They’re calling them ‘Box-Office. The unveiling of Martin O’Neill and Roy Keane as Ireland’s new management has sparked a frenzy of interest in the home friendly with Latvia. Yet, if the duo weren’t in place next week, if there was no appointment, Irish ‘supporters’ would stay away in their droves. Billy Keane of Back-Post.com wonders if the Irish team would be better off without the event-junkies.
I never really liked Geography in school. Who really gives a sh*t about ox-bow lakes and ﬂood plains and such things. My Geography teacher was a cardigan loving, socks and sandals wearing hippy with chalk dust billowing from his moustache whenever he spoke. I never quite took to him. I do remember a time when he stubbed his toe on the projector screen stand. That was funny. Serves him right for wearing sandals to work. Amidst the throbbing pain and fumbling, the projector stand collapsed on him pinching the skin between his thumb and foreﬁnger and sent him into an alternate reality with the agony. I was on the ﬂoor laughing at this stage watching him change colour as he tried to keep his fury from erupting in a torrent of red hot expletives. Hilarious. He also did this annoying thing that teachers do when they say the ﬁrst syllable of a word and encourage you to ﬁnish it. Vol-cano. That really annoyed me.
I refer to my old Geography past because I was recently struck by a time-faded image, in my minds eye, of ‘the water cycleʼ from lessons gone by while in the Aviva Stadium for the last game of the current qualifying campaign. You know the one. The sun heats up the surface of the sea, the water evaporates into the air and is carried by the wind, the water vapour cools and condenses and eventually falls back to earth as precipitation, it ﬂows down the mountains in rivers and streams and makes its way back to the sea for the cycle to begin again. Most people are quite familiar with this cycle from living in Ireland where we get our fair share of rainfall during the year. Weʼre famous for it across the globe.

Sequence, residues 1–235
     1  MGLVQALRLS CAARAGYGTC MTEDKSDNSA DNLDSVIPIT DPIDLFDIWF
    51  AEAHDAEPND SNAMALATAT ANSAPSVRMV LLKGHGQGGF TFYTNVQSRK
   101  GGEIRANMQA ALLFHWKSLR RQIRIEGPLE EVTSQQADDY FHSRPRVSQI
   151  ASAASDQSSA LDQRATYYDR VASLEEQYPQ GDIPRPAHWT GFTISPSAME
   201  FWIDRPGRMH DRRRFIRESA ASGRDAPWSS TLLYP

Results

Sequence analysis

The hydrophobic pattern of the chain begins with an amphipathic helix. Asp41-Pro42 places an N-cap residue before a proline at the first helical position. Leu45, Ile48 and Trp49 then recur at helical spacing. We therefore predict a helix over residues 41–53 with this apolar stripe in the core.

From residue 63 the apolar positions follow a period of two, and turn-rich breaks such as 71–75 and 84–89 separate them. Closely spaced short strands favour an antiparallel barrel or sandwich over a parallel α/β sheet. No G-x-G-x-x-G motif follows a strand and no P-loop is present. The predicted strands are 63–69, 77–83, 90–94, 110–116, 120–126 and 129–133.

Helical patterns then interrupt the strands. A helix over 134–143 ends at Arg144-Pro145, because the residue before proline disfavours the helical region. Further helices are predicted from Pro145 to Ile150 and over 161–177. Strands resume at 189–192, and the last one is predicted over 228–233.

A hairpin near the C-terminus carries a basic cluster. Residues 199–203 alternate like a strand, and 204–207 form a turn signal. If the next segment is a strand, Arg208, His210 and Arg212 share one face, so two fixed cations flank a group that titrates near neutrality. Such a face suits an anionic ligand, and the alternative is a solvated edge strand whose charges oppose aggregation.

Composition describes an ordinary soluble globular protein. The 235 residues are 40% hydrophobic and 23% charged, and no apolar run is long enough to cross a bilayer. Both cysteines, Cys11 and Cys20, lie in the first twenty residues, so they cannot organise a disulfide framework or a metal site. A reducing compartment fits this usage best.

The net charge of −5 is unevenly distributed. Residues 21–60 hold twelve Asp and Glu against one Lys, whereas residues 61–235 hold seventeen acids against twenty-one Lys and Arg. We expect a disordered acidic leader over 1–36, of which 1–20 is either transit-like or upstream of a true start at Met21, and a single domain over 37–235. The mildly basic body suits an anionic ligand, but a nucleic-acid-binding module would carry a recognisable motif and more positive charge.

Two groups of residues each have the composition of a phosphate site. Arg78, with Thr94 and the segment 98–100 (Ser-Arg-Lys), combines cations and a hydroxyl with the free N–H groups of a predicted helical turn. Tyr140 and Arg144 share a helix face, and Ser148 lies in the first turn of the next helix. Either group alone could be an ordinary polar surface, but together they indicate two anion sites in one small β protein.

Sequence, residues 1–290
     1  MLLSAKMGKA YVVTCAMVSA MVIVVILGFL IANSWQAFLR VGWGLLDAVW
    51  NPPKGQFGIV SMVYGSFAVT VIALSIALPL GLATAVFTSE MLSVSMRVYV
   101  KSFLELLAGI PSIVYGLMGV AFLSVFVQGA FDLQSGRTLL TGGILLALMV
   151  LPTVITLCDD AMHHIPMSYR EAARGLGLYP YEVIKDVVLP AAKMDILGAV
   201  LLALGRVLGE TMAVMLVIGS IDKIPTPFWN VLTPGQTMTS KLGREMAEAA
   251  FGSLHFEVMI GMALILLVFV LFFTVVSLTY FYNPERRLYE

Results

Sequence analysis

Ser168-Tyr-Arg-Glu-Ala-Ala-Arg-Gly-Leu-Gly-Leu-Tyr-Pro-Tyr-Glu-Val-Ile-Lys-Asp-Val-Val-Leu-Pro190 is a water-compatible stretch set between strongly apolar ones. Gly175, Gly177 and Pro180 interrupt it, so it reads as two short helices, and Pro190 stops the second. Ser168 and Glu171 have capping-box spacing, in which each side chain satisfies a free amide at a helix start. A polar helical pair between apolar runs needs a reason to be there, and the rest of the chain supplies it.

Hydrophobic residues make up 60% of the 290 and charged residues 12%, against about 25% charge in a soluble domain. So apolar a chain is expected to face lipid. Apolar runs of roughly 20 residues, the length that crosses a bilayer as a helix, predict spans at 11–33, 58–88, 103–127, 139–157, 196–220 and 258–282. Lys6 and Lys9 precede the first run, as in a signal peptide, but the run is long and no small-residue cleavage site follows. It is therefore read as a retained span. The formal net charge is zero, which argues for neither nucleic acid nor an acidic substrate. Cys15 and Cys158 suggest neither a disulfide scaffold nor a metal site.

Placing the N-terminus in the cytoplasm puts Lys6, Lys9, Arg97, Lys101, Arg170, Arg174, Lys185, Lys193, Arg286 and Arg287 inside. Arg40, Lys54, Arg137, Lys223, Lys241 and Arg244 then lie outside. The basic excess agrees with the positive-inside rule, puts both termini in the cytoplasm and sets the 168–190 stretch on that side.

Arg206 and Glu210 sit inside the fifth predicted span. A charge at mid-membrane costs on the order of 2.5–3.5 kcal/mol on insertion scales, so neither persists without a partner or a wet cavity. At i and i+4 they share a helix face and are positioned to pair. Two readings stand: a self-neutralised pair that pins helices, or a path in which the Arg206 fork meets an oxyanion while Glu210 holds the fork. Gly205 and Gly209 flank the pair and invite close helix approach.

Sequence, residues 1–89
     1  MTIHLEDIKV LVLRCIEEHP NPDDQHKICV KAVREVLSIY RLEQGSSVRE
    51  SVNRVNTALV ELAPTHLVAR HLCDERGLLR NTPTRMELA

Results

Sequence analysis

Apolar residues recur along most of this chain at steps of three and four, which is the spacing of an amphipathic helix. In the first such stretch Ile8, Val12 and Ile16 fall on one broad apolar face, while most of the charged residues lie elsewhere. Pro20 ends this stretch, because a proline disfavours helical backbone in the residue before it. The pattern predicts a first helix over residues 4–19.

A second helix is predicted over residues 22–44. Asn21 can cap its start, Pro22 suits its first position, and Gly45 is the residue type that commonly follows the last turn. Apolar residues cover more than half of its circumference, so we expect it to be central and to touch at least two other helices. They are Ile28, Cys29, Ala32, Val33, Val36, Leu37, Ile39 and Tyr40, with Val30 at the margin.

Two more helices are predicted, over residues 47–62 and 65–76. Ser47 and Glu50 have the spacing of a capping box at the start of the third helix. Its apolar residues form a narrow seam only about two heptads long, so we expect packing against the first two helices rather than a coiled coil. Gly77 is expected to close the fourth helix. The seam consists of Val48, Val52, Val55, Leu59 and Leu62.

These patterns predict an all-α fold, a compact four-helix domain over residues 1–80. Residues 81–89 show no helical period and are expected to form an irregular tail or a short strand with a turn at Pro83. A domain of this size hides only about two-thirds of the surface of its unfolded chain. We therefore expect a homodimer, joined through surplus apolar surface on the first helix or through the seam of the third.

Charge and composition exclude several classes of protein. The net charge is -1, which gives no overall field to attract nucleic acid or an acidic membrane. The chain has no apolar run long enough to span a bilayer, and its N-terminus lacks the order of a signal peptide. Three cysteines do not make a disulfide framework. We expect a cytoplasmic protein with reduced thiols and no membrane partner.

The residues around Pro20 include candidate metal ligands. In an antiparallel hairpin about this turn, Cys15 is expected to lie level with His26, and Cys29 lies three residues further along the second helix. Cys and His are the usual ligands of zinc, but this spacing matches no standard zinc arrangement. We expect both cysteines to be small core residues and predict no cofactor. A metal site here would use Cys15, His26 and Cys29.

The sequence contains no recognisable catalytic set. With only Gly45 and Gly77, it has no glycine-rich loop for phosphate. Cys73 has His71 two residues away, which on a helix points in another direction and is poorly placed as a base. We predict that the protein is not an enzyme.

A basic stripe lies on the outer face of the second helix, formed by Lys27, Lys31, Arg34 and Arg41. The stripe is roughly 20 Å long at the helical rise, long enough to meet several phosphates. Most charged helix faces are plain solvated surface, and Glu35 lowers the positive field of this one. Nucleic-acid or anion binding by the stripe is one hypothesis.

Science can explain this by examining the gulf stream, prevailing winds and cold fronts meeting warm fronts over Irelands mountains and valleys but they donʼt live here on a day to day basis so exactly how much weight you can give to these theories is up to each of us to decide. I for one am not completely sold on this sciencey, objective, evidence based hocus pocus but thatʼs just me.
“I have another theory that may have slipped through the net in the world of scientiﬁc research. I propose that Irelandʼs level of rainfall is pushed into the higher numbers by the condensation from the mouths of half of Irelandʼs football supporters.”
Itʼs a water vapour by-product from the bitching and moaning, criticizing and condemning, berating and whinging shower of misery merchants who show up to these qualifying games. Add to that the steam off the shite that I hear from the vocal idiots at these games and Iʼm truly dumbfounded as to how Ireland doesnʼt have a monsoon season around international game weeks.
It came to a head for me in the Upper South Stand at the start of the Ireland/Kazakhstan game. The teams were lining up for the national anthems. I was in my seat and not a sinner within ten rows of me. Looking around with an uninterrupted view conﬁrmed that the stadium was mostly empty seats. Less than half full. I felt sorry for the team to have to come out and play a competitive game in front such a sparse crowd. Every empty seat represented a gravy train bandwagonner that decided to stay home this time. These people are in every walk of life. I just didnʼt realize that there was such an amount of them in the Irish football crowd.